On the Bookshelf: New work by faculty

From the stories of lesbian couples who went to the altar in 2008 to examinations of music, society and literature to common bees of California, SF State faculty contribute to their academic fields throughout the year with new publications. Read more below about some of the latest books from University faculty.


Lawfully Wedded Wives: Rethinking Marriage in the 21st Century (Triton Books)

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Roughly 18,000 same-sex couples legally married in 2008 between the time the California Supreme Court overturned the state's existing ban on same-sex marriage and the passage of Proposition 8 later that year. In "Lawfully Wedded Wives: Rethinking Marriage in the 21st Century," Professor of Creative Writing Nona Caspers and co-editor Joell Hallowell illuminate the first-person stories of 20 lesbian couples who said "I do" during those months. With joy and trepidation, they rushed to the altar to make the same legal commitment so many others had made before them. Their stories -- spiritual and scandalous, philosophical and trivial, heartbreaking and hilarious -- are all the more relevant in light of the U.S. Supreme Court's ruling that Prop. 8's ban on same-sex marriage is unconstitutional, allowing thousands of other couples to join them.


Bhangra and the Asian Underground: South Asian Music and the Politics of Belonging in Britain (Duke University Press)

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In her new book, "Bhangra and the Asian Underground," Assistant Professor of Race and Resistance Studies Falu Bakrania explores the complex story of what it means to be South Asian in Britain through the lens of bhangra and Asian Underground music. Asian Underground, a fusion of South Asian genres with Western backbeats created for the dance club scene, went mainstream in the United Kingdom during the late 1990s. Bhangra, a blend of Punjabi folk music and hip-hop, was popular in South Asian communities but had yet to go mainstream. For many, the success of Asian Underground signaled the emergence of a new Britain more tolerant of South Asians. But Bakrania shows that the reality was far more complicated. In analyzing bhangra and Asian Underground music -- which is traditionally produced by male artists and consumed by female club-goers -- Bakrania finds that gender, sexuality and class intersected in ways that profoundly shaped how young people interpreted "British" and "Asian" identity and negotiated, sometimes violently, contests about ethnic authenticity, sexual morality, individual expression and political empowerment.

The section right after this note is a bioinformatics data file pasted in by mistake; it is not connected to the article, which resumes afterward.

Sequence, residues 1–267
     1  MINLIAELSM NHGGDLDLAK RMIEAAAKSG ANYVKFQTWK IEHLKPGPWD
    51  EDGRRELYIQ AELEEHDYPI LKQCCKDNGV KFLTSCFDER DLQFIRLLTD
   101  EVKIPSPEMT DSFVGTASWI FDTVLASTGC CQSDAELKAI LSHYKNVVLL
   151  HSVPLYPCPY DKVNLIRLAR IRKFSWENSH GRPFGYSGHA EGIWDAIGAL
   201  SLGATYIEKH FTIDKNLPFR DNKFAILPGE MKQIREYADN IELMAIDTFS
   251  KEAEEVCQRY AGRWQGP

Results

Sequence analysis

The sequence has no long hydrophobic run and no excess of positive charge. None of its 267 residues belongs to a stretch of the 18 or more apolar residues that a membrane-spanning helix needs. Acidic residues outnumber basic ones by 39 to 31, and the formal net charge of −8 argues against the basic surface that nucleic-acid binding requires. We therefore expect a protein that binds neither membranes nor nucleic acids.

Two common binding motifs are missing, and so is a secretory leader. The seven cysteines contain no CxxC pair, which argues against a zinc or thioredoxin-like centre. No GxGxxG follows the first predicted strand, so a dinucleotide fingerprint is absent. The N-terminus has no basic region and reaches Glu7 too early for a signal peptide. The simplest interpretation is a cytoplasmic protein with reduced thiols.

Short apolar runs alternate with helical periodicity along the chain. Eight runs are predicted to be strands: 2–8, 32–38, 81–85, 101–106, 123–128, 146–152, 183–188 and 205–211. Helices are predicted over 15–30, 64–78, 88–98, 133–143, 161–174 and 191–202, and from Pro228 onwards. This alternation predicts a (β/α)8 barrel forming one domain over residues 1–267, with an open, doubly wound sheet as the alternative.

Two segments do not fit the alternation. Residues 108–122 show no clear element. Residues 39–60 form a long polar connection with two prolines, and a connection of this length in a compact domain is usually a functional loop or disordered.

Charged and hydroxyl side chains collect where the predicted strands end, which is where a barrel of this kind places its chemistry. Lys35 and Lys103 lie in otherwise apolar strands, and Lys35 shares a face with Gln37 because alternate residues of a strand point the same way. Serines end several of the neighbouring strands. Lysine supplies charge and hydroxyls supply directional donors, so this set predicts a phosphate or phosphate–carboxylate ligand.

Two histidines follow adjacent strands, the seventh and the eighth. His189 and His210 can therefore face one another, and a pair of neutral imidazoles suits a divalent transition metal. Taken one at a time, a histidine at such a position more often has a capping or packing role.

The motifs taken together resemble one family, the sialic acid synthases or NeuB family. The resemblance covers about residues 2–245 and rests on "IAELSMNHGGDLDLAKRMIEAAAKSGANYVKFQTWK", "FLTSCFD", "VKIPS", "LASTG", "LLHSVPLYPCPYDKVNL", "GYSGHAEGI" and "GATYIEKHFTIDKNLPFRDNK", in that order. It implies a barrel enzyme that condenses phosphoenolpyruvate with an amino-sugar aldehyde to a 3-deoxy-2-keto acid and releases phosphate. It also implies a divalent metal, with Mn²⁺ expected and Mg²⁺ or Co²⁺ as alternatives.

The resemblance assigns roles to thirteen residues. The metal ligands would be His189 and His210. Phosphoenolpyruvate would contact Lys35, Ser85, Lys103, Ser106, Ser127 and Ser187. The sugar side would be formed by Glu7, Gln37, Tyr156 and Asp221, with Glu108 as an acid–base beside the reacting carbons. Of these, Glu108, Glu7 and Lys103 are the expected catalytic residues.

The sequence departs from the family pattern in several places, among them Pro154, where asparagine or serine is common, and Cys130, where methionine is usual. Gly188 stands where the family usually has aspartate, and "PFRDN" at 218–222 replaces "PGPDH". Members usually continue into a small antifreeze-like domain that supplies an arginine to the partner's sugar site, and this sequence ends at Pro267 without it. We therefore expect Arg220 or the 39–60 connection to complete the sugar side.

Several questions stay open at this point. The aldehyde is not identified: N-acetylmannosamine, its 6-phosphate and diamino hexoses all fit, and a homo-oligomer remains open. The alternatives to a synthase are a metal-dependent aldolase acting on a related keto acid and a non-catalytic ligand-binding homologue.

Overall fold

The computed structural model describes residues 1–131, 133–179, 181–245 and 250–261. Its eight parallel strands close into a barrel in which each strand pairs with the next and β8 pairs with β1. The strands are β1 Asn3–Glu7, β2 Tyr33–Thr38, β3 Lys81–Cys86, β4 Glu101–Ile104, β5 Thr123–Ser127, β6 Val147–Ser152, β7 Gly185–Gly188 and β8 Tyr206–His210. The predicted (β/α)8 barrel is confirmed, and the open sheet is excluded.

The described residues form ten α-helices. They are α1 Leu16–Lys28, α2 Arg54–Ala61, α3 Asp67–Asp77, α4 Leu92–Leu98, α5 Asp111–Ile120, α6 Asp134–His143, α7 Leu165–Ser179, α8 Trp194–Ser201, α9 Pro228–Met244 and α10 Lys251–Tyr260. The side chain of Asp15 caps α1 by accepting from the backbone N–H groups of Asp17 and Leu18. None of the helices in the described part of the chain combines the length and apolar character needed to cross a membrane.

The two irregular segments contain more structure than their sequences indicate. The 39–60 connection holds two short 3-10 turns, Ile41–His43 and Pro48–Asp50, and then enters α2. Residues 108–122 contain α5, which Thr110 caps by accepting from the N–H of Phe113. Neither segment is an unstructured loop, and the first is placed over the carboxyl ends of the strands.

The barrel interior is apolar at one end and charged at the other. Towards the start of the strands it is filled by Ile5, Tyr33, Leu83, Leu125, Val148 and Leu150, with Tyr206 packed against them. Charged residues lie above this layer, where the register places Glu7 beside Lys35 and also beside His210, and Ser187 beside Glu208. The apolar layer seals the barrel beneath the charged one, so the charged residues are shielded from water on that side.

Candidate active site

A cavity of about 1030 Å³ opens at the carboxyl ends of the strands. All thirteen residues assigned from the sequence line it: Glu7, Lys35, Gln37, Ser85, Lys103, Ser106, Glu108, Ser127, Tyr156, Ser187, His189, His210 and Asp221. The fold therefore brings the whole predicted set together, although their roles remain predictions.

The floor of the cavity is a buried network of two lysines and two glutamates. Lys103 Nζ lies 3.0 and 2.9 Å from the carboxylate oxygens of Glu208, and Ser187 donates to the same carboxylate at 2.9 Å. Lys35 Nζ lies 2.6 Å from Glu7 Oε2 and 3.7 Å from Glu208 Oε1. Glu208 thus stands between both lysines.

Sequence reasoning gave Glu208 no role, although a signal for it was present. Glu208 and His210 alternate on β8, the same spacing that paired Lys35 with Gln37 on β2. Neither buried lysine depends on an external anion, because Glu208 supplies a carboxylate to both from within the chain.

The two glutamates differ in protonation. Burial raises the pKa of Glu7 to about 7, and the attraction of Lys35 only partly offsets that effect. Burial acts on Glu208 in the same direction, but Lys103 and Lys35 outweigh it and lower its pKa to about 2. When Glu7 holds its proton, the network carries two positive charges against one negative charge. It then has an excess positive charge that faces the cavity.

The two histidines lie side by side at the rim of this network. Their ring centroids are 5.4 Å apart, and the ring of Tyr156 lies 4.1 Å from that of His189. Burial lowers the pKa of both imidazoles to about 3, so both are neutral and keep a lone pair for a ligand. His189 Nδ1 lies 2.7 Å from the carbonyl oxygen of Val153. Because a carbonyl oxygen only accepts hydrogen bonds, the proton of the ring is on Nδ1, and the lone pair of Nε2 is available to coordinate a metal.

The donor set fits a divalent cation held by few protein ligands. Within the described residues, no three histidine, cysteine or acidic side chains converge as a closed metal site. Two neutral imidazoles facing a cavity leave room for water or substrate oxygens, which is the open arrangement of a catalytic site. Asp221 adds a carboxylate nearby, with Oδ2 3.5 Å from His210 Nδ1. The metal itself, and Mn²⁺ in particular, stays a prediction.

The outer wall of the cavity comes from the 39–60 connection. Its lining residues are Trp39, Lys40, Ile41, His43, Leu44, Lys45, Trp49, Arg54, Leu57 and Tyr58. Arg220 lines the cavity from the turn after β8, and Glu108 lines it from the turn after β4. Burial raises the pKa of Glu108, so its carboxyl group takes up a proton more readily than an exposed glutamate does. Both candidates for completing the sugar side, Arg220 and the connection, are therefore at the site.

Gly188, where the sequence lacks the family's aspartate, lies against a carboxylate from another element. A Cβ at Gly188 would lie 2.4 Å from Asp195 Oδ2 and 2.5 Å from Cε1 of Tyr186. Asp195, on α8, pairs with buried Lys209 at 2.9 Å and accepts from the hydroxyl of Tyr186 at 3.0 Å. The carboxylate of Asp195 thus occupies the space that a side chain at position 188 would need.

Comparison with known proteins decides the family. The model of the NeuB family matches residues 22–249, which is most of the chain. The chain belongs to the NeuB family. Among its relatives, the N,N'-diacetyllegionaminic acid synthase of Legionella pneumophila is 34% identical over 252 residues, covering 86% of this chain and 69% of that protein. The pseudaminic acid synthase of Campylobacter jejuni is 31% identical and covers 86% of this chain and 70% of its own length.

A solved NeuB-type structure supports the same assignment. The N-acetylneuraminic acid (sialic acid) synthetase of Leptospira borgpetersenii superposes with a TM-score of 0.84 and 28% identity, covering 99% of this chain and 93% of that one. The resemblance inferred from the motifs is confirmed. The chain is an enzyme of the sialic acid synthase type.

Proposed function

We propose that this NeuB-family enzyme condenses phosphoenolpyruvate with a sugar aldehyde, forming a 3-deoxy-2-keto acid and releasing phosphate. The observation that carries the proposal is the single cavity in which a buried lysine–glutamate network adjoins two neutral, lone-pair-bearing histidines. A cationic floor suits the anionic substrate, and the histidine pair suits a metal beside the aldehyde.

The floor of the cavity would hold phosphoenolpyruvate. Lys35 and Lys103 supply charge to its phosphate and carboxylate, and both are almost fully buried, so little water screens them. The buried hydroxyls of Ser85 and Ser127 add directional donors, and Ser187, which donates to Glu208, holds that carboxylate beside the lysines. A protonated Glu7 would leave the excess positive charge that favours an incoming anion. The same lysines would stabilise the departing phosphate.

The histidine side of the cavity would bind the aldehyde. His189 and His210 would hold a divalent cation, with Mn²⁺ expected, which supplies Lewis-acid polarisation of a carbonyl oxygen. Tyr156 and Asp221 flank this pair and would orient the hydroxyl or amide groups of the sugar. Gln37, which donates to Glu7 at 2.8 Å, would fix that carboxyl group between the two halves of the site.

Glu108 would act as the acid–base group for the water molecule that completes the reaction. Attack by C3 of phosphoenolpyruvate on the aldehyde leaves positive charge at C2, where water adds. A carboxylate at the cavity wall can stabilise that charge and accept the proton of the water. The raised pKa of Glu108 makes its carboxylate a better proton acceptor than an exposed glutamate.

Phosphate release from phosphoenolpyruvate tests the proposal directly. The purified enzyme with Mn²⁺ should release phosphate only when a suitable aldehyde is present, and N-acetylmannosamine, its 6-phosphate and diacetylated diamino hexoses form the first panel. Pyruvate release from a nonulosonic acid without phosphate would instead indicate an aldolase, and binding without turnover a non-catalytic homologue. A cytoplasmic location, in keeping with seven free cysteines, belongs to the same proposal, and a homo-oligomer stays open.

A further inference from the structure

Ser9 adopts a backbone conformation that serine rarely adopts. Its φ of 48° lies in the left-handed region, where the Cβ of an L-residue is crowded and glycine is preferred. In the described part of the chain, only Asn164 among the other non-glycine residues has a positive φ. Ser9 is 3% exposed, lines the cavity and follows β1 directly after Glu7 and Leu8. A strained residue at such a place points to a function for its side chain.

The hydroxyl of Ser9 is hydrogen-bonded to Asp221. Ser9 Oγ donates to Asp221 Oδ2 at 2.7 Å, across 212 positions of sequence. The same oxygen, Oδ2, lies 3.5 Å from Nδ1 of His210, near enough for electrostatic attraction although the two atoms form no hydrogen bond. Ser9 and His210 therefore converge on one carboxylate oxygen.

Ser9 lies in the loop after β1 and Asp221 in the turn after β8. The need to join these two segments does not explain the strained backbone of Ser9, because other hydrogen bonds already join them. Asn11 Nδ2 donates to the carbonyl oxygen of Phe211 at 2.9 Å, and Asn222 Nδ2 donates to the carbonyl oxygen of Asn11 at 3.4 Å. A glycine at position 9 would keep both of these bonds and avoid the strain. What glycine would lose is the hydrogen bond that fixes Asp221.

Sounding Real: Musicality and American Fiction at the Turn of the Twentieth Century: (University of Alabama Press)

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How did changes in American music during the late-19th and early-20th centuries impact American literature? That's the question Associate Professor of Humanities Cristina Ruotolo looks to answer in her latest book, "Sounding Real." Rather than explore the impact of more recent popular music that began with blues and jazz, as other authors have done, Ruotolo looks at the literary response to music created in the decades leading up to the Jazz Age. What she finds is new, emerging musical forms that broke free from 19th-century constraints with an authenticity that sparked both interest and anxiety in literature. Authors began to ask how an emancipated musicality affected self and society, and how their literature could dramatize musical encounters between people otherwise segregated by class, race, ethnicity and gender. In examining this relationship between two art forms, Ruotolo explores a larger question of how art speaks to society.


Field Guide to the Common Bees of California (University of California Press)

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Professor of Biology Gretchen LeBuhn already has an army of more than 100,000 strong helping to count bees as part of her Great Sunflower Project. Now, in "Field Guide to the Common Bees of California," she offers an easy-to-use and thorough overview of bee biology as well as tools for identifying the most common bees in California and the Western United States. LeBuhn highlights bees' ties to our own lives, the food we eat and the habitat we provide, and suggests ways readers can support bees in their own backyards. She also reveals how bees are an essential part of a healthy ecosystem and how many plants, including important crop plants, depend on pollination provided by bees.


On the Bookshelf highlights new books written by SF State faculty. Check back for more from SF State professors.

-- Jonathan Morales